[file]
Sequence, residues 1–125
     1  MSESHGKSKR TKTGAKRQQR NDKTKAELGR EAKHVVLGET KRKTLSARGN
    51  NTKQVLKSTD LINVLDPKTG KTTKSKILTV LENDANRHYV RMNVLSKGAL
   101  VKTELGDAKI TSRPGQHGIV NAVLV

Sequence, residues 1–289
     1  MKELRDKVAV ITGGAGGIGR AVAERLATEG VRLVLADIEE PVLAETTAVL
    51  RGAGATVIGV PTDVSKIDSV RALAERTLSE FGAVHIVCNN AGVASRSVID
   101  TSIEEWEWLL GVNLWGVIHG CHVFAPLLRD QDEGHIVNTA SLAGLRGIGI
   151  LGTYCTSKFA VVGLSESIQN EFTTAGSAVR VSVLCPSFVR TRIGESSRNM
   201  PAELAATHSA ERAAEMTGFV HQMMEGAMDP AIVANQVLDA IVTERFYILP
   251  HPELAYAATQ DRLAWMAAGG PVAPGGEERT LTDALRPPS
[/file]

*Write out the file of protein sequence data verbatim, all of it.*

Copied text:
Sequence, residues 1–125
     1  MSESHGKSKR TKTGAKRQQR NDKTKAELGR EAKHVVLGET KRKTLSARGN
    51  NTKQVLKSTD LINVLDPKTG KTTKSKILTV LENDANRHYV RMNVLSKGAL
   101  VKTELGDAKI TSRPGQHGIV NAVLV

Sequence, residues 1–289
     1  MKELRDKVAV ITGGAGGIGR AVAERLATEG VRLVLADIEE PVLAETTAVL
    51  RGAGATVIGV PTDVSKIDSV RALAERTLSE FGAVHIVCNN AGVASRSVID
   101  TSIEEWEWLL GVNLWGVIHG CHVFAPLLRD QDEGHIVNTA SLAGLRGIGI
   151  LGTYCTSKFA VVGLSESIQN EFTTAGSAVR VSVLCPSFVR TRIGESSRNM
   201  PAELAATHSA ERAAEMTGFV HQMMEGAMDP AIVANQVLDA IVTERFYILP
   251  HPELAYAATQ DRLAWMAAGG PVAPGGEERT LTDALRPPS